American and Russian Interests in the Arctic
The United States has increased attention to the Arctic in recent years, and the incoming Biden administration offers the opportunity to increase cooperation and build trust between the U.S. and Russia, especially given increasing international interest in the region.
Out of all eight countries with land residing in the Arctic, Russia occupies the most area, accounting for 53 percent of the Arctic Ocean coastline. The Arctic has long been important to Moscow; the natural resources and shipping routes make the Arctic significant economically. It also serves as a region for Russia to project power by conducting military exercises, building new icebreakers, and hosting its nuclear submarines.
Arctic sea ice decline caused by climate change will make accessible previously unexplored gas and oil reserves and open more shipping routes, increasing international focus on the region.
Many issues plague the growing exploration and activities occurring in the Arctic, and finding new opportunities for further cooperation is essential. The United States and Russia should lead the charge and cooperate on three key issues:
- Search and rescue coordination
- Environmental protection
- Oil spill prevention and response
Search and Rescue Coordination
The melting of Arctic sea ice has led to an increase in shipping operations, highlighting the need for increased and improved search and rescue coordination. The U.S. faces particular difficulties in the distance between Coast Guard bases and the Arctic, along with a lack of infrastructure and communications networks. The Arctic’s severe weather and harsh climate also complicates search and rescue efforts.
The 2011 Arctic Council Agreement on search and rescue (SAR) calls for cooperation but does not require it, nor provide a comprehensive plan to achieving it. The United States should seek to achieve further collaboration with Russia on SAR coordination through enhanced information sharing between all entities involved in SAR operations. They should also create a working group to discuss joint training exercises for SAR, and for establishing annual discussions. Infrastructure development in the Arctic could also help SAR coordination, and the U.S. and Russia should work together with all other Arctic nations to increase investment in infrastructure.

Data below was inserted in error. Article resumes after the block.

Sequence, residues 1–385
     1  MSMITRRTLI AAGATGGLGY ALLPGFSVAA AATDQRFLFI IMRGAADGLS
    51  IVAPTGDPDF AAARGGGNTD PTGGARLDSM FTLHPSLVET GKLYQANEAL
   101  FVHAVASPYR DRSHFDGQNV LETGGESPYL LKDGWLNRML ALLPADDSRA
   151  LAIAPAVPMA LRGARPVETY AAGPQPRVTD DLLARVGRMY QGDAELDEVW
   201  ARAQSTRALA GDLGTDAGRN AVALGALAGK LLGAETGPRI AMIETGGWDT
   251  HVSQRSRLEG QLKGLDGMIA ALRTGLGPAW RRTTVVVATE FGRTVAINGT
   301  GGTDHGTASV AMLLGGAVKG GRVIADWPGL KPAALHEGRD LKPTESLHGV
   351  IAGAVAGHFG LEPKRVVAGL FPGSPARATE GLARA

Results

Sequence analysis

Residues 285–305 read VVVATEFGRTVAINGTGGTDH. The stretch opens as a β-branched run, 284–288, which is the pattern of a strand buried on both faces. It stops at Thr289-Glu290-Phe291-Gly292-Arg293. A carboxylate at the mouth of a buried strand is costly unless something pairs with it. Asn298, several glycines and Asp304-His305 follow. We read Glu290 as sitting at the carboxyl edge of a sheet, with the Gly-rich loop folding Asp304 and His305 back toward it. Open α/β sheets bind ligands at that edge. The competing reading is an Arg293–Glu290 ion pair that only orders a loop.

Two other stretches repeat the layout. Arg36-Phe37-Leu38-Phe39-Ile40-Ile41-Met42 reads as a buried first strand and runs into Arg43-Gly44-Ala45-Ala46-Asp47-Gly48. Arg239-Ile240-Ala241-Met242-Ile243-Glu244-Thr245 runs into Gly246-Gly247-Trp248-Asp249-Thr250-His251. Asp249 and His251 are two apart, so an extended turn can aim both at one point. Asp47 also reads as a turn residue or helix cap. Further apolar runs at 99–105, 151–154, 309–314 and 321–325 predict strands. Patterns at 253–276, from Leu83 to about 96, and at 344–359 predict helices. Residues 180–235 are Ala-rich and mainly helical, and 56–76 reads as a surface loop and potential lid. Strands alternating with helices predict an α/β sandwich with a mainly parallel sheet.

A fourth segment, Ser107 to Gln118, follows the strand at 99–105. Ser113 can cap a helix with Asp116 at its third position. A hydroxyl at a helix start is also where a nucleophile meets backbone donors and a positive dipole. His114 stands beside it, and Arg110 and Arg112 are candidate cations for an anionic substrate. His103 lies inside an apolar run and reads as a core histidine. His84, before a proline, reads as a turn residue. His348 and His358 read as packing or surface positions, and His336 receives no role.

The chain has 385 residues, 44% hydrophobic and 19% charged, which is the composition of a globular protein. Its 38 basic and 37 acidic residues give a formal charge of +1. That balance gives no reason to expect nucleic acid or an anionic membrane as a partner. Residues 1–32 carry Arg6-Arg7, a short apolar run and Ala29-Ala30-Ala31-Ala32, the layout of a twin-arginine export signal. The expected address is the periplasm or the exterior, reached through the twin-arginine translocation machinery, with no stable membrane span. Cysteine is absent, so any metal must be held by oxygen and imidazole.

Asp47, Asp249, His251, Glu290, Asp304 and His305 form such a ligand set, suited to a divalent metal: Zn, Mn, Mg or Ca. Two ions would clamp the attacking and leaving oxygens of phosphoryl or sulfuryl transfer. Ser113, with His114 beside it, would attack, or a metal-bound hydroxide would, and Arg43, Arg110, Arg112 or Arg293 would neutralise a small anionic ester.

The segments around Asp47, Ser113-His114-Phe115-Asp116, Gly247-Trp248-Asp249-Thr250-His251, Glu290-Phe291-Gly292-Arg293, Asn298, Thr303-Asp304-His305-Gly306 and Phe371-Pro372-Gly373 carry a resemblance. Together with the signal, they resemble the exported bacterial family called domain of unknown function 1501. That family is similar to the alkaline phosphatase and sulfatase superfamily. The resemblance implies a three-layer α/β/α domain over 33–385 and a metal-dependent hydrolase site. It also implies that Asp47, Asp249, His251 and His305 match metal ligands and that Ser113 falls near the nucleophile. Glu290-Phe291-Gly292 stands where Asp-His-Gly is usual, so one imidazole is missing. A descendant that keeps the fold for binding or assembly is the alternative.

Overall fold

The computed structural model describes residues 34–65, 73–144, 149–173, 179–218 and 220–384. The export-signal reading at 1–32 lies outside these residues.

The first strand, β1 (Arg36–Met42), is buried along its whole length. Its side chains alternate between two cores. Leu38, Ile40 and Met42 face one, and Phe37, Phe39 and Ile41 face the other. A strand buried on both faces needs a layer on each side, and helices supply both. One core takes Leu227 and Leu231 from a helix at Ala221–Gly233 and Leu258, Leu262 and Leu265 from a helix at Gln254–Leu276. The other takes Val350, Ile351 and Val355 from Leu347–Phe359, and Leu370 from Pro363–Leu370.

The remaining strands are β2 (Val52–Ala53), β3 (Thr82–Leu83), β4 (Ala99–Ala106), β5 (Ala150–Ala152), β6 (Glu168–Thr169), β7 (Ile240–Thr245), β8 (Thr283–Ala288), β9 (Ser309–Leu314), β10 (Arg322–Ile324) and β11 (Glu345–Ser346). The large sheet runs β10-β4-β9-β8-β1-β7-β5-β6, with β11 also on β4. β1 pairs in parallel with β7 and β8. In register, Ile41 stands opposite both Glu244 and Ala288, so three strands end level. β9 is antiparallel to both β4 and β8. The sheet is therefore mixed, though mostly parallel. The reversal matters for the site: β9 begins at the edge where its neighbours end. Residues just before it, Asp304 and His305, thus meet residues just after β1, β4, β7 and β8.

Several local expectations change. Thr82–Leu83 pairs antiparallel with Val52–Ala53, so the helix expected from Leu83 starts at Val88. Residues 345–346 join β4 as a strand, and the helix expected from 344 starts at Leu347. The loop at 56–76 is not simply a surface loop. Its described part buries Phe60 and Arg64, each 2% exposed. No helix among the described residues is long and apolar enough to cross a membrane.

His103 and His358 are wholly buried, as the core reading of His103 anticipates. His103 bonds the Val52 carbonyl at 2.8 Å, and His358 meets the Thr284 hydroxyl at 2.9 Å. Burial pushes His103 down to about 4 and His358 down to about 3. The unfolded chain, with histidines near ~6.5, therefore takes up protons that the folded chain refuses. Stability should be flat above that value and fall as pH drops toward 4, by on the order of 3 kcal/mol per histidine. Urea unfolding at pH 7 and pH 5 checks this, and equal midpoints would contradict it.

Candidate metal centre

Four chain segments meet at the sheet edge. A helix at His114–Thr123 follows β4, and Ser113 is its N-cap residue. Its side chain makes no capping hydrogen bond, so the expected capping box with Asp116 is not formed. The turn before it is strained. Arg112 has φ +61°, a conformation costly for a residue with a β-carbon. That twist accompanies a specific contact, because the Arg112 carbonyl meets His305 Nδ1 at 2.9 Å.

Environmental protection should be at the forefront of any increasing exploration and other activities in the Arctic. Arctic sea ice is already melting at a rate faster than expected, and ensuring it does not melt any faster is not only imperative to the health of Arctic ecosystems, but also directly consequential for its impact on sea level rise that affects the world. Furthermore, the faster the Arctic becomes more accessible environmentally and economically, the more states will jump to increase their presence in the region. In order to prevent conflict and ensure risk reduction, environmental protection should be seen as an environmental, economic, and security issue.
Oil Spill Prevention and Response
Melting sea ice means more opportunities for ships to explore offshore oil and gas drilling in the Arctic. Due to the region’s remoteness and severe weather, attention to oil spill prevention and response is required. In the past, concern about oil exploration in the Arctic has led U.S. Presidents and Congress to institute moratoriums on oil activities in certain parts of the Arctic. Yet increasing interest in exploring new oil reserves along with the need to recover economically from the Covid-19 pandemic suggest that oil activities will continue to increase in the Arctic.
The United States signed an agreement with Russia in 1989 on oil spills in the Arctic, but this framework needs to be updated to reflect the current environmental state. The United States should collaborate with Russia and the other Arctic states on oil spill prevention and response due to the region’s remoteness and lack of infrastructure. By creating specific training and response mechanisms between the United States and Russia, they can increase response time to a potential oil spill.
Due to the growing interest in the Arctic from many countries, increasing activity and exploration necessitates greater cooperation on potential issues. Due to each of their locations and strategic interests, the United States and Russia should work together to ensure that they can build trust and increase cooperation amongst increasing economic and security interests in the region. While the U.S. should also reach out to and work with the other Arctic nations, Russia’s geographic access is a key factor, and identifying areas of cooperation for both countries should be a priority.